|Looking south at the not quite full moon from Upper West Side. 12:15 AM. Photo: JH.|
|June 24, 2010. Very hot in New York. 83 degrees at midnight, along with all that lovely humidity that the East Coast is famous for.
Doesn’t keep all New Yorkers at home, however. Over at Christie’s at Rockefeller Center, the Kips Bay Boys & Girls Club hosted a “Decorator Show House Summer Soiree” for their Decorator Show House Committee with three celebrated Relais & Chateaux chefs providing the hors d’oeuvres: Jonathan Cartwright of the White Barn Inn & Spa of Kennebunkport, Maine, Graham Gill of Windham Hill Inn in West Townsend, Vermont, and Mark Levy of The Point at Saranac Lake, New York; along with champagne provided by Champagne Nicolas Feuillarte (for toasting, of course).
Kips Bay has been running Decorator Showhouses for years in New York and they are very popular. This year for reasons unknown to me (but not to the organization’s directors), they were unable to secure a vacant townhouse/mansion, hence last night’s reception which brought out more than 200 and raised some money for their good cause.
|After the Kips Bay benefit, I was due at a friend’s birthday party up on Park Avenue in the Sixties. With Sian Ballen (our NYSD HOUSE editor) and the intention of finding a cab, I started to walk in that direction and passed through Rockefeller Center.
I love Rockefeller Center. It was started, if you don’t know, by John D. Rockefeller Jr. with the intention of developing the land (on a plot between Sixth and Fifth Avenues and 49th and 51st Streets) that belonged to Columbia University. Fifth Avenue was a major socio-economic dividing line in those days. Many members of the Vanderbilt family had built their enormous mansions on Fifth, beginning at 51st Street running north. (The only Vanderbilt mansion still standing on the avenue is now the Versace store next door to Cartier between 51st and 52nd Street.)
|The Rockefeller Center Ice Skating Rink as an al fresco summer dining room last night at Rockefeller Center.|
|West of this golden mile, the real estate was decidedly different, including glitz, theaters and working class neighborhoods. 52nd Street, for example, was Jazz Street where during Prohibition almost every doorway was a speakeasy on the block between Fifth and Sixth.
They broke ground for the project in 1930. In 1931, the complex in planning was named Rockefeller Center at the suggestion of man named Ivy Lee, who was one of the first “public relations” advisors ever and had long been on retainer by the family (at a reported fee of $250,000 a year – multiply that by 30 to get a sense of the buying power of the dollar in those days), as a tribute to the man behind it – Mr. Rockefeller. The only son was referred to by almost everyone involved with him in business as “Junior” because his father, the patriarch billionaire, was still very much alive. Ivy Lee, incidentally was the great-grandfather of a member of the New York art world, and coincidentally a friend of several direct Rockefeller descendants of “Junior” – the artist Rachel Hovnanian.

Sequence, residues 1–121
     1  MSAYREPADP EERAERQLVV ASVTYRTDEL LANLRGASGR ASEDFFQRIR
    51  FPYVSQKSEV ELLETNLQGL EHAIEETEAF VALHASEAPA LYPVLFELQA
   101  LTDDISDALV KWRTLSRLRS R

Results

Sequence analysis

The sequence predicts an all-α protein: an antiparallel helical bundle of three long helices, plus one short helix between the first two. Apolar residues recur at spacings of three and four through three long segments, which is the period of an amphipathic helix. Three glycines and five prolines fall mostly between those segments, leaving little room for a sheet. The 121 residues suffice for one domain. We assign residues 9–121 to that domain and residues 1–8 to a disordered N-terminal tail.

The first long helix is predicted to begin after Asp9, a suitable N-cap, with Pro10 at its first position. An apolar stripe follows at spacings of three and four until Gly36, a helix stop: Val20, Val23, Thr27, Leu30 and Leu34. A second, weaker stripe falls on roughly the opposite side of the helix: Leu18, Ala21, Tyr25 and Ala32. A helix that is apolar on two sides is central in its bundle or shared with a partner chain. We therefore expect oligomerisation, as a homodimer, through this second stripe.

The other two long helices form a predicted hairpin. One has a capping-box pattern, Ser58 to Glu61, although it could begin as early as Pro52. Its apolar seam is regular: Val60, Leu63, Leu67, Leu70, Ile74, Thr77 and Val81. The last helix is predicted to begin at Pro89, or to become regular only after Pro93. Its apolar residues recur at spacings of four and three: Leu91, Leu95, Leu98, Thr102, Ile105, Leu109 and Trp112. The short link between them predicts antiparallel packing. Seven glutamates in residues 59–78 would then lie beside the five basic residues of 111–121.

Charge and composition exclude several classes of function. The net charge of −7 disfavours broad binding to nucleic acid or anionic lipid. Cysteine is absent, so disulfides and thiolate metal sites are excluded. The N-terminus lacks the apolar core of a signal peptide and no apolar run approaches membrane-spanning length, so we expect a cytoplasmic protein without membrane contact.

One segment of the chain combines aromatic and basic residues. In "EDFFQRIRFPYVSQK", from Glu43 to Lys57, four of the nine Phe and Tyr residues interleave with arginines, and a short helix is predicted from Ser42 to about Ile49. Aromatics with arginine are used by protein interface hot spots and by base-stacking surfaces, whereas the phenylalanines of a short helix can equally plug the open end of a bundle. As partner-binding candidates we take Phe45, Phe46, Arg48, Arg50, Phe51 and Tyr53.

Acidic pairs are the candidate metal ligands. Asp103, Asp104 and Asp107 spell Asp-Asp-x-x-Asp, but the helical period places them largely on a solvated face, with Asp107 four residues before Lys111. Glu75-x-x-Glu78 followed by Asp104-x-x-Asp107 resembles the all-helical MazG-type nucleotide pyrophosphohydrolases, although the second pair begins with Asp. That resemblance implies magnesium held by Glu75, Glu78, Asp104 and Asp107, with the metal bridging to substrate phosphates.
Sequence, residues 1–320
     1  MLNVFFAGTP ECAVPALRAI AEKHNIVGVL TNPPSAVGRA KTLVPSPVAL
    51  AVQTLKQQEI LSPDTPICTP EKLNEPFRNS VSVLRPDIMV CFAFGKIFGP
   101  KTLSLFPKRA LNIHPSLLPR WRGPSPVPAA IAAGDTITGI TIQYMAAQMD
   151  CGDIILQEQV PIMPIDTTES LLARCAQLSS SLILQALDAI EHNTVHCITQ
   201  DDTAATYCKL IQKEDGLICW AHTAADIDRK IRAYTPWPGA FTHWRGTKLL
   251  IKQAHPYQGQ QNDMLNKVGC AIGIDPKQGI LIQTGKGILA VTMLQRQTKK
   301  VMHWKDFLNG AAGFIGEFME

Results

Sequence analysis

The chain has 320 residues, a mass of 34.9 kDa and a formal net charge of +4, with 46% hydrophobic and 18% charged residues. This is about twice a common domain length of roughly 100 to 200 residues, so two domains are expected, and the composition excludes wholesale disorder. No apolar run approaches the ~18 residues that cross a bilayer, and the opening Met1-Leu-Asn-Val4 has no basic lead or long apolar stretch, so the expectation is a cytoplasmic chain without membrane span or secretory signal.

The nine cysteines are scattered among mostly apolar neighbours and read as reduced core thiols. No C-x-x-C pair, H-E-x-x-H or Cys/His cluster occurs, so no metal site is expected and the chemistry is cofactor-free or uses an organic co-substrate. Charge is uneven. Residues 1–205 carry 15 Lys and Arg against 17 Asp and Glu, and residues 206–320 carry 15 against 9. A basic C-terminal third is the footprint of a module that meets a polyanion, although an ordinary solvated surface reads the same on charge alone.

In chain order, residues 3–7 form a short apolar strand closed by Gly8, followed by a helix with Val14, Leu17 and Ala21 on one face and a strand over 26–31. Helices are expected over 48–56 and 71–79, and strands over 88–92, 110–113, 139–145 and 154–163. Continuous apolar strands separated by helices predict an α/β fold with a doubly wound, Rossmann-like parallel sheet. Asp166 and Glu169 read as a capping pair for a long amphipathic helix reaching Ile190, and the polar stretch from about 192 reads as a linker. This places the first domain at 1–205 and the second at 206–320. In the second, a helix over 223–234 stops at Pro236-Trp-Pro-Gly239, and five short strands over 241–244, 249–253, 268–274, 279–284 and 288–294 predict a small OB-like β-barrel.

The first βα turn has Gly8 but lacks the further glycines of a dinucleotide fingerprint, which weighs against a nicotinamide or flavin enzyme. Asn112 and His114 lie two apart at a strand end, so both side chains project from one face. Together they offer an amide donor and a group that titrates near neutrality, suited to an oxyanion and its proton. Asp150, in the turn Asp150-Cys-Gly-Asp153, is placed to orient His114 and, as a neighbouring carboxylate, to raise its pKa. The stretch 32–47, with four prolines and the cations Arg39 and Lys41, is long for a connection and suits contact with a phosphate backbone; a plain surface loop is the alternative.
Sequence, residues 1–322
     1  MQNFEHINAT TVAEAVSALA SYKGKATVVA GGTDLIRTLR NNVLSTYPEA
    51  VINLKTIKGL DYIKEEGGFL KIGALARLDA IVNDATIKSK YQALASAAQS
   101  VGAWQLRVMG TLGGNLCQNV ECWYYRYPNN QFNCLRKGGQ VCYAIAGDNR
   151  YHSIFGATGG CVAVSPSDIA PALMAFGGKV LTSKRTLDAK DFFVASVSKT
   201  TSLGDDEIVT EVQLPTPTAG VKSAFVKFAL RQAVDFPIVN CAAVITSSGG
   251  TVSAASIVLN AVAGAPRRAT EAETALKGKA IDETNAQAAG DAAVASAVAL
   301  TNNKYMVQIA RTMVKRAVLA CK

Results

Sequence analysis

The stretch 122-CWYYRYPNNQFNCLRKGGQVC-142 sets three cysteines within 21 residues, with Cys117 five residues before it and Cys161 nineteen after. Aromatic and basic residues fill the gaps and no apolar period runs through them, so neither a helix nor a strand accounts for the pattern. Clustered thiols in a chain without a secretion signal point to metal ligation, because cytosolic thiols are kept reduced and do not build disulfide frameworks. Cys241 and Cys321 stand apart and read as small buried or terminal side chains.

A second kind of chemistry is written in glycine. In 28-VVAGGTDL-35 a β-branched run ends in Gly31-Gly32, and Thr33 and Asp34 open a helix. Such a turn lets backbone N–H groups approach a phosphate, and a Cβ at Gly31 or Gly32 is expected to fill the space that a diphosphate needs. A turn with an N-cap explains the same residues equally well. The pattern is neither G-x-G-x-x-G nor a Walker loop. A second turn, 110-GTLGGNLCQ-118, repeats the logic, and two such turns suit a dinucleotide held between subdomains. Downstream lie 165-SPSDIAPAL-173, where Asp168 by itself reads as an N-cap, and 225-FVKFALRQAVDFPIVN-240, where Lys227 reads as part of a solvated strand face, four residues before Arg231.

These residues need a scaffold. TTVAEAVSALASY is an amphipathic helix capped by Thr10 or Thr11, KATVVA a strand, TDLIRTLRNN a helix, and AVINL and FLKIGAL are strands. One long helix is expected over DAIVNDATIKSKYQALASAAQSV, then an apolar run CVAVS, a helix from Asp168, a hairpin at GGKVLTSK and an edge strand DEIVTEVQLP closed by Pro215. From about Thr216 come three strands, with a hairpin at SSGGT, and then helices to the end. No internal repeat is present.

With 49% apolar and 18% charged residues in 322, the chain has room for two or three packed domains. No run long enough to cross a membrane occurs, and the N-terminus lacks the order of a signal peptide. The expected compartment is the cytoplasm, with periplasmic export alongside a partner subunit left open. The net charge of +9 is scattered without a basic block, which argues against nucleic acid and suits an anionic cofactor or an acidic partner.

|30 Rock, the GE Building, home of NBC Studios, modern classic 70 years on.||The silver and glass Citigroup building on 53rd Street between Third and Lexington Avenues, last night at 8:15.|
|30 Rock or the GE building, as it is known, was for decades known as the RCA Building, the company’s headquarters. It was where its National Broadcasting Company had its radio and later its television studios (the Today Show) is still broadcast from a street level studio on the other side of 49th Street.
Rockefeller Center was the largest private building project ever undertaken in modern times – 14 buildings in the Art Deco style. Construction began in 1930 on the onset of the Great Depression and completed in May 1939. In summertime the famous ice skating rink is transformed into an outdoor café, as you can see.
Walking up Park Avenue I got a twilight shot of another of my favorite New York buildings – the Citigroup Center – still a stunner, on 53rd between Third and Lexington Avenue.
|Anyone for a red Ferrari. As JP Morgan once said (about his yacht), if you have to ask the price, you can't afford it. So I wouldn't ask.|
|Speaking of Mr. Morgan, JH just happened to take this shot earlier today of the J. P. Morgan House at Madison Avenue at 36th Street. Constructed in 1853 for financier Isaac N. Phelps, the house was acquired and remodeled in 1895 by J. P. Morgan, Sr. The house was one of seven residences belonging to J. P. Morgan, Jr. After Morgan's death in 1943, it was sold to the Lutheran Church, whose effort to develop the site was blocked by preservationists. In 1988, the Morgan Library acquired the house for offices and a bookshop.|
|Meanwhile at the Ferrari showroom on Park Avenue and 55th, they were having some kind of party – no doubt a promotion since some of their latest models were parked on a matching red carpet on the Avenue.
Flashback. This past Monday on another dog day afternoon – with temps in the 90s, up in Central Park, on the Lake on the west side of the park, there was a performance on the water of Greek composer Iannis Xanakis’ “Persephassa,” a piece for six percussionists first heard forty years ago at the Shiraz Festival in Iran.
I heard about it Tuesday from my lunchdate Patsy Tarr, who first heard the sounds from her her apartment high above the Park, and then from her window saw the intriguing site of a flotilla of boats on the lake. She went down to take a look and came away with a couple of shots of the activity. It was part of the 4th annual “Make Music New York.” There were percussionists in the boats, more on the shore and dozens of boats (from the Loeb Boathouse) rowing around them. Another New York moment that amazes.
|The percussion concert of Iannis Xanakis' "Persephassa" Monday afternoon on The Lake in Central Park as photographed by Patsy Tarr|